Fiction by Jessica Heron & Art by Jessica Fisher
by Jessica Heron
I know how they talk about Aunt Esther. Her phone calls
screaming at anyone she reached, and her multitudinous shopping sprees.
A woman, a life, confined in a few sensational incidents. Long dead but they still shake
their heads about her. The tongue-clucking women, those talk-talking women,
my mother among them. They had a name for her I knew not to speak.
Uncle Yussey sold their home, mansion decaying in Coney Island,
a vanishing secret, muffled by caked pigeon shit in the attic.
Tiles and wallpaper pieces crumbled in the kitchen sink.
Off to the side, a great room like an antique shop filled with magical things.
Esther’s purchases and their previous lives forever altered by gossip.
Yussey lived with the risk of collapse, and held on until Esther’s spirit quieted to a hush,
the great room filled with just things.
The house condemned.
I know how they talk about her daughter, Cousin Andrea. Former Juilliard dancer,
now third-shift proofreader, isolated, and persecuted
by her imagination. Clung to her father until he passed on.
She is more alone than the others can see,
though one cousin checks on her every so often.
I fell under the spell of their talk –
how sad, what a pity, locked in on herself –
Her eyes lit up when we spoke: I am a proofreader too.
We recognized each other, how our hawk-eyes train on words,
in desperation to achieve order, on paper.
I know how they talk about Grandma Ida, mother’s mother’s mother,
in photos couch-locked, lips locked, eyes dark.
My own mother used her body to block the woman as she’d shout and lunge
for the apartment door.
I remember her distantly, sat still on that couch. A statue staring-off. A silent matriarch.
I don’t know how they talk about me, yet
I keep tall cardboard box towers, turn to prayer,
and process the returns to save my credit
after under all my purchases.
Locked in my childhood bedroom, or the hospital,
when I hurt. A charity case. I beg my bones to be good,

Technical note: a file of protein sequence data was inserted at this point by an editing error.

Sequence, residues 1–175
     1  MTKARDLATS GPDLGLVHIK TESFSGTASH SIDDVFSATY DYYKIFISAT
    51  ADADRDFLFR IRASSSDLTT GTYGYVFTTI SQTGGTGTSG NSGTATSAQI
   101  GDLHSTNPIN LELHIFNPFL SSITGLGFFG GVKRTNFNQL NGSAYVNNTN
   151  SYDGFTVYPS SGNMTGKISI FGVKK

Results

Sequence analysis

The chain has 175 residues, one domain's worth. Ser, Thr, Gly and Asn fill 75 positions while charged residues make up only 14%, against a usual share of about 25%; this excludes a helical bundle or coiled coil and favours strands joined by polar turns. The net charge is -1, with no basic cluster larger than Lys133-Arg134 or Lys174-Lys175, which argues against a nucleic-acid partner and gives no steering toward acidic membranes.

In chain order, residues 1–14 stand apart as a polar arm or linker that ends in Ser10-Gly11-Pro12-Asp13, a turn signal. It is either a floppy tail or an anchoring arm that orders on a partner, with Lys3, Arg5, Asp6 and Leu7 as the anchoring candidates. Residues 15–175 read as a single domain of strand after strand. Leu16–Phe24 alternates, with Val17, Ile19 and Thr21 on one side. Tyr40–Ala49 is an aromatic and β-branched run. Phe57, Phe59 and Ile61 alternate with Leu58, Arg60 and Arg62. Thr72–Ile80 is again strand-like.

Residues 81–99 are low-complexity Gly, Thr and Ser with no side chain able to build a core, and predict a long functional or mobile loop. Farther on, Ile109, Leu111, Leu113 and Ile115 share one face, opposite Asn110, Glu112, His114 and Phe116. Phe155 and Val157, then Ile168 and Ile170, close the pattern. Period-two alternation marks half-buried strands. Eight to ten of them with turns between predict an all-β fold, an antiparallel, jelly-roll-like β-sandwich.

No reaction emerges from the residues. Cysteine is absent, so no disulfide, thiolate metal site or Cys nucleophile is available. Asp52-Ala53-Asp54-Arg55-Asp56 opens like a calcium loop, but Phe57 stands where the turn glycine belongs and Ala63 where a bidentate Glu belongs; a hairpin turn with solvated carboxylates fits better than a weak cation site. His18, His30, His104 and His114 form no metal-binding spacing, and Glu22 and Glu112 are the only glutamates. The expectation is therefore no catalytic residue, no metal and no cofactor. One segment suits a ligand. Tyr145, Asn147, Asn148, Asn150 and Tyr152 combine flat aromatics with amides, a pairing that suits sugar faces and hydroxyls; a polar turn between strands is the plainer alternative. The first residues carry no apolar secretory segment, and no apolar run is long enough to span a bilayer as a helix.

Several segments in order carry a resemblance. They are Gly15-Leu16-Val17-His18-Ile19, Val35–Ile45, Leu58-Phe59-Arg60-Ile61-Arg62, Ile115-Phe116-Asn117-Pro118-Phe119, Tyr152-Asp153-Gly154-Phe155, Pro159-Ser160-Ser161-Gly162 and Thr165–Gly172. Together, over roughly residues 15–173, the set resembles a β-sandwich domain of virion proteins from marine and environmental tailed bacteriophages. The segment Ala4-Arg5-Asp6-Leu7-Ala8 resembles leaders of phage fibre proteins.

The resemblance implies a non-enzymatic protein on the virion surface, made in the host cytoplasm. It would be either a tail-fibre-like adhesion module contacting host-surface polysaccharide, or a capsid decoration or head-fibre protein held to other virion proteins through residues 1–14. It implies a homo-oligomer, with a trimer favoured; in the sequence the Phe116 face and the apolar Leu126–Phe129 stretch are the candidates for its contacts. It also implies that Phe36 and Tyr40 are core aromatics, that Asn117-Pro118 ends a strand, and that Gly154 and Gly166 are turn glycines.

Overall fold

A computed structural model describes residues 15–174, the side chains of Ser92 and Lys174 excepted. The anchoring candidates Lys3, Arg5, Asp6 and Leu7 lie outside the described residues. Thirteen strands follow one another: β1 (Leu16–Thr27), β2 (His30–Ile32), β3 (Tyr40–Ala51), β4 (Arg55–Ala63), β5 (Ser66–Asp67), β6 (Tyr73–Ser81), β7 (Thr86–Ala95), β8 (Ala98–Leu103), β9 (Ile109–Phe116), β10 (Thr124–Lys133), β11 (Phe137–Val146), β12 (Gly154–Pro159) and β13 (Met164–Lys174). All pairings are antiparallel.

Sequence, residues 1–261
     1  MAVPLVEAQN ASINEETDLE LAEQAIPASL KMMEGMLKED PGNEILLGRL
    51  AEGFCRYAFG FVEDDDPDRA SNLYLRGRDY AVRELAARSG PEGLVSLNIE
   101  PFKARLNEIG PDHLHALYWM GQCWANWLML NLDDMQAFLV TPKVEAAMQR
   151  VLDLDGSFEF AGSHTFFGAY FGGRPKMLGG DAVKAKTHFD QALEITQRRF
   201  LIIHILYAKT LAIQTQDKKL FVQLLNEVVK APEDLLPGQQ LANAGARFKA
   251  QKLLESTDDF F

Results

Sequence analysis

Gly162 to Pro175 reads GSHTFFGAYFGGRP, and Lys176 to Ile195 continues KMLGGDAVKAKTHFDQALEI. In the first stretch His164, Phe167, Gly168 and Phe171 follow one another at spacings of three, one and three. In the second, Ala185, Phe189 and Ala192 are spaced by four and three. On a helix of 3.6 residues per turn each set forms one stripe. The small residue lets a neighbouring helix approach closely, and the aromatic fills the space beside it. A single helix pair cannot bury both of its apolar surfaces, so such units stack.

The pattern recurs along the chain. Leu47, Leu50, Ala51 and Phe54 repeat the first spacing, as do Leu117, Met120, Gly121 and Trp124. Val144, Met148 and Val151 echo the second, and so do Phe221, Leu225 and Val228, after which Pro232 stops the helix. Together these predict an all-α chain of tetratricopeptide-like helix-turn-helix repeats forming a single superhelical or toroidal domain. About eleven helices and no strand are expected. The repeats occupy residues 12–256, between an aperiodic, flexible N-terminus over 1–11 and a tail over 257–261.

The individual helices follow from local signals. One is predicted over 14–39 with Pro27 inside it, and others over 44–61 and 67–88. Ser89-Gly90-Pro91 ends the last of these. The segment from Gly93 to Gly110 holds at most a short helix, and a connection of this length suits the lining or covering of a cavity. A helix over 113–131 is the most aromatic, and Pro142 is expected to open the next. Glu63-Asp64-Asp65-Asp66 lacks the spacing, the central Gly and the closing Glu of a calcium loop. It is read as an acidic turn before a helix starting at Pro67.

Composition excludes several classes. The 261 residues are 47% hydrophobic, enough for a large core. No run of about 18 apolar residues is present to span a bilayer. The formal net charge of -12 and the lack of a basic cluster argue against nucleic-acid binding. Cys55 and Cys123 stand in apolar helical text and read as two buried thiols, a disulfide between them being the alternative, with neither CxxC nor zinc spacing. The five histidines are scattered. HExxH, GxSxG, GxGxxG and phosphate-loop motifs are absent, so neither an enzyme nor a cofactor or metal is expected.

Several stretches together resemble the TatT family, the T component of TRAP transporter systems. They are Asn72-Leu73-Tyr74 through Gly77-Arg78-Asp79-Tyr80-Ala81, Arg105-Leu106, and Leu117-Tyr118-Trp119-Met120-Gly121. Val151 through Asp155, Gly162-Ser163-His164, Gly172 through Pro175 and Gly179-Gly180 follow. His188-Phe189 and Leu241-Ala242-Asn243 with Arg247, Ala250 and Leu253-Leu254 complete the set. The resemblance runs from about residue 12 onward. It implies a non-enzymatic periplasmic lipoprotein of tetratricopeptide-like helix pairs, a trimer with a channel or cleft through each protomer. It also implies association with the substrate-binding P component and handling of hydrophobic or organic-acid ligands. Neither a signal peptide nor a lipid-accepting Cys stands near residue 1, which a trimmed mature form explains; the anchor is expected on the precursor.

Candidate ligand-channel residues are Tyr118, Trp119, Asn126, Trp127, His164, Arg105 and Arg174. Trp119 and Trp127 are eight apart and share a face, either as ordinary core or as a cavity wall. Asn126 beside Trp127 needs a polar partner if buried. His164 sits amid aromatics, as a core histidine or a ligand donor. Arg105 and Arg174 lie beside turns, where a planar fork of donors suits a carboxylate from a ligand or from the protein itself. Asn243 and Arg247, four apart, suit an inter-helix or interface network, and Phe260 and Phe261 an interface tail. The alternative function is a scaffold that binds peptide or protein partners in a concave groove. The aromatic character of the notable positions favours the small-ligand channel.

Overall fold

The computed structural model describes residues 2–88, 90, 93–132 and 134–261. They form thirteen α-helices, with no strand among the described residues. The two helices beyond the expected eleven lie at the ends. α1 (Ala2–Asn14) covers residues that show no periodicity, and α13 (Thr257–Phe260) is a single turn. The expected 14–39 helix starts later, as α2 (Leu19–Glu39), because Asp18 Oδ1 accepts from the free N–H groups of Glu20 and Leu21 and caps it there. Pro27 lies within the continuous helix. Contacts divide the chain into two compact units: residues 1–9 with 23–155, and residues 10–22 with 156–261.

but they keep click-clacking panic,
and I am alone
in ways these talking women couldn’t know.
I imagine echoes of what is coming for me –
how sad, what a pity –
she used to be able, she has degrees –
There is a name for me not even my mother can speak.
I don’t know how they talk about me, yet.
I know how they talk about Aunt Esther, and it’s not
how love held up the walls for her, even as they fell.
I know how they talk about Cousin Andrea, and it’s not
how well she gets along alone despite the massiveness of the world in her.
I know how they talk about Grandma Ida, and it’s not
how she had a great wild spirit in her that needed to get out.
Jessica Heron’s work appears or is forthcoming in The Horror Zine, Black Petals, Angel Rust Magazine, Anti-Heroin Chic, Let’s Stab Caesar!, and others. She is a poetry reader for Catatonic Daughters. You can find out more about her, including a full list of publications at jessicaheronpoetry.com.
Jessica Fisher is a professional artist and graphic designer living and working in New York City. She advanced her skills throughout high school and college. Jessica’s artwork is whimsical and captures the essence of life. The main focus of her process is on the raw energy of the object to evoke a surrealist and expressionist approach. Her creative process is to have the viewer feel the same emotions she felt while she was creating the piece. She is a mixed media artist with a focus in watercolors. https://www.kosumo-su.com/